You may have seen unique boutiques in Japan that sell expensive fruits, lacquerware, traditional dresses, and more. Even though Japan has become a beacon of modernization in this new age, there are still a lot of traditional things that the country holds onto with utmost value. In Tokyo, there is a store that can take you back to the samurai times when toothpicks were a particular part of tea tradition and cuisine. Let’s have a look at this rare and fascinating boutique, probably the only one in the country that sells literally tens of varieties of superior toothpicks.
Most of us like to think of Kyoto as a region where Japanese traditions are best kept alive. However, Tokyo has some places such as Nihonbashi Saruya that sells traditional toothpicks where you can transition into a different world amidst the modernity.
Nihonbashi Saruya is unlike any other boutique as it has around 300 years of glorious history, started off during the shogunate of Tokugawa Tsunayoshi to supply high-quality toothpicks made exclusively for royalty and samurais.
Located in the modish area of Nihonbashi, the store welcomes you with an elegant storefront that says, “SARUYA: Established 1704.” With such history and unique tales to tell, this store has been upholding Japanese traditions by supplying toothpicks for tea ceremonies in attractive packs.
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You can easily find the usual variety of toothpicks (“kuromoji” in Japanese) in stores such as DAISO for an astoundingly cheap price. However, if you are quality conscious and want to explore other varieties, you should definitely step into the Saruya store in Nihonbashi.
Out of all their exclusive products, the most interesting “Samurai Toothpicks” are a must-buy as each one was carefully crafted out of spicebush (Lindera umbellata), which is sourced from the dense hilly areas of the beautiful Shimane Prefecture.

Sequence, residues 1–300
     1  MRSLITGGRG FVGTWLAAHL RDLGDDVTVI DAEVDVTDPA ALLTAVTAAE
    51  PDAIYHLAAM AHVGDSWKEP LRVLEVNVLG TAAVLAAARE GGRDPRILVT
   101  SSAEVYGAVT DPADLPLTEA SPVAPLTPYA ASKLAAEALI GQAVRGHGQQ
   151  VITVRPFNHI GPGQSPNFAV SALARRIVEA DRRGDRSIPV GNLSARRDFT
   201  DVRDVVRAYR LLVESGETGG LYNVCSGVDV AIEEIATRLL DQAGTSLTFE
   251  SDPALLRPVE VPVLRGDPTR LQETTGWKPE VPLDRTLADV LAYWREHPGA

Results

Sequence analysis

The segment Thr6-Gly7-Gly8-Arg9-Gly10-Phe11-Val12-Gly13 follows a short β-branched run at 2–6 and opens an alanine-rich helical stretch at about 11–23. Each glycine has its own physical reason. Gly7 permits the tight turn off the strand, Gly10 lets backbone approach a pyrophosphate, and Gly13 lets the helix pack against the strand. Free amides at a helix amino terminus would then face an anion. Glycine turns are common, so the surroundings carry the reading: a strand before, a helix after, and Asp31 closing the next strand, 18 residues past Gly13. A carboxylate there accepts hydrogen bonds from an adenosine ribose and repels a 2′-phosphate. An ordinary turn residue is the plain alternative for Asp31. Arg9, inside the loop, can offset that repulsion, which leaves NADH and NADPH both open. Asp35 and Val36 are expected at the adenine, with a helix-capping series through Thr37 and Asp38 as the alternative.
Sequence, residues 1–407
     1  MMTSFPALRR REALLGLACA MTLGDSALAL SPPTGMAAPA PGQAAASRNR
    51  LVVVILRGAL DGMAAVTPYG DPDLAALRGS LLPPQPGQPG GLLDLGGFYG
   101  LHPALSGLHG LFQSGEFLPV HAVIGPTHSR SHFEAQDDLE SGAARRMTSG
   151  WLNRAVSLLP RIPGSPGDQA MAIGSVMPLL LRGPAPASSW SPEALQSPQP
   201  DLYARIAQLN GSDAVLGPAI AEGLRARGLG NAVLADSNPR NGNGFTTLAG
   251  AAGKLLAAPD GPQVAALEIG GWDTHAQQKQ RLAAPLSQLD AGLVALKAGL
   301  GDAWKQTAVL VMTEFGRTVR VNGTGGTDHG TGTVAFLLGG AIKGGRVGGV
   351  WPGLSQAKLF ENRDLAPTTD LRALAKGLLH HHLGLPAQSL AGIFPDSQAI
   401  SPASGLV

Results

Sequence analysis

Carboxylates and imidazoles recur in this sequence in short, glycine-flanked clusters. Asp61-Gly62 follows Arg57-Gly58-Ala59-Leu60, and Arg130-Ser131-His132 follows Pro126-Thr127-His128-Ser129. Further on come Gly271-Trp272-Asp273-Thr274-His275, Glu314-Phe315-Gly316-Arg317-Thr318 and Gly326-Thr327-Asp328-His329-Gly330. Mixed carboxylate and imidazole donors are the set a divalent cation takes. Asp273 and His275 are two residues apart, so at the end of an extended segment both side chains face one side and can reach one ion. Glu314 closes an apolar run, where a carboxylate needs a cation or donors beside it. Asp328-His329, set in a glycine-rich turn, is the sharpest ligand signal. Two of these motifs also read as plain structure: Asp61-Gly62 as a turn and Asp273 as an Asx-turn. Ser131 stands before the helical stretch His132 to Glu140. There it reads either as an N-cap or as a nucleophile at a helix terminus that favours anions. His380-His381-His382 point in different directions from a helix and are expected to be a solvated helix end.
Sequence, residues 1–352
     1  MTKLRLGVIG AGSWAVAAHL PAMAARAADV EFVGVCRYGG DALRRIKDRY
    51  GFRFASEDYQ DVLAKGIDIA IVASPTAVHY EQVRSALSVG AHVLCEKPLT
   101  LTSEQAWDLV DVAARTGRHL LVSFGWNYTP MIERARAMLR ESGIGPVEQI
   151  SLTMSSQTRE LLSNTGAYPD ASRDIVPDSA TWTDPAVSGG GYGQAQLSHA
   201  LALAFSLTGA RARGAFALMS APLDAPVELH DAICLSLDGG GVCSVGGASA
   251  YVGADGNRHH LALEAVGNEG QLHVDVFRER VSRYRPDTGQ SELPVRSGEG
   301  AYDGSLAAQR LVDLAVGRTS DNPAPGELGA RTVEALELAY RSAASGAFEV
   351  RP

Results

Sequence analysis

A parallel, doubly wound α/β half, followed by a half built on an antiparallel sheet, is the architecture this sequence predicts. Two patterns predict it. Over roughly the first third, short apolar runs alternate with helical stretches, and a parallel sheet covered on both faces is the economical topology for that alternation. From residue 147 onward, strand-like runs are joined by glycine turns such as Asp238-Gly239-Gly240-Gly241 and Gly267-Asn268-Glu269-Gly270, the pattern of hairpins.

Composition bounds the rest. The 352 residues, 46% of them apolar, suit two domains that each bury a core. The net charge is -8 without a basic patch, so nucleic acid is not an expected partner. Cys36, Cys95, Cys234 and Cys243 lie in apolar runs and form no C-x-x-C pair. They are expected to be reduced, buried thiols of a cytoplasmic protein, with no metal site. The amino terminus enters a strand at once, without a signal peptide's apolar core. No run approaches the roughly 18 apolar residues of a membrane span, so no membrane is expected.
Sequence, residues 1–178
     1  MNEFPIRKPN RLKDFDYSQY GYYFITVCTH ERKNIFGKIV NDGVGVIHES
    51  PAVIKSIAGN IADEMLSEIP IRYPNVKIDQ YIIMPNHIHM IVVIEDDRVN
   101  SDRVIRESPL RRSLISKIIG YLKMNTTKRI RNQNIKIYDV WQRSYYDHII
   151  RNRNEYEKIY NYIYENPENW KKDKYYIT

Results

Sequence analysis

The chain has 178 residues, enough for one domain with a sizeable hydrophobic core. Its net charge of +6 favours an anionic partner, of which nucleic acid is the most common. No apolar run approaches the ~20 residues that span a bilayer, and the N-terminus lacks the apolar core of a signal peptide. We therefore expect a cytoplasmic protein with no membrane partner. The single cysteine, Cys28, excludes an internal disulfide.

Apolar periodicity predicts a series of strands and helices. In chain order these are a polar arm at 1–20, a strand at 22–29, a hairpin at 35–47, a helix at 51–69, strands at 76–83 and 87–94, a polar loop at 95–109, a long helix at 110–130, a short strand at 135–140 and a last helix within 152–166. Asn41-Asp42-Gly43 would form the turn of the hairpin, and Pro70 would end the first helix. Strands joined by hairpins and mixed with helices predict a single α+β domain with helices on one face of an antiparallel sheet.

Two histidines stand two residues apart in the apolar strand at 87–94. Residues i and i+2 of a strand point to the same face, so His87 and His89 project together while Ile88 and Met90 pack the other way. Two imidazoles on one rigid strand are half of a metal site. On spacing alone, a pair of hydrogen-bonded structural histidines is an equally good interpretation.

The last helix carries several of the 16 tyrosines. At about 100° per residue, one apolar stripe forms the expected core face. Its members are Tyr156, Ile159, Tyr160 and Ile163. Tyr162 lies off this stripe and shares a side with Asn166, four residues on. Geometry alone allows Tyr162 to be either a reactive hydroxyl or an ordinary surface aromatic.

For a little over a thousand yen, you can take home two little packs of these samurai toothpicks. Altogether, it contains 40 individually paper-wrapped samurai toothpicks with designs of warriors and servants on its covers, along with basic Japanese phrases that are actually uttered by good old men and their English translations. Saruya’s toothpicks not only remind us of the feudal era’s lavish dinner style but also the language and pronunciation through the packaging.
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If you put aside the historical aspect of the store, you can actually see that the toothpicks being sold are sturdy, thin, and well cut to do their job perfectly without hurting your teeth. They even enhance the after-meal pleasure by keeping your mouth fresh with their natural aroma.
They also have high-quality and unbreakable handcrafted toothpicks called the “Jokaku Youji.” However, be prepared to spend around 1,200 yen to get 20 of these fragrant wooden picks that come in a cool box.
Do pay a visit to this rare store and take home some toothpicks to use while having Japanese sweets. There are boxes for everyone, with cool packaging designs and references to anime and Japanese culture in general. Even though the samurai culture has faded out today, you can still catch glimpses of it with the help of these kinds of stores.
Nihonbashi Saruya Website *Japanese only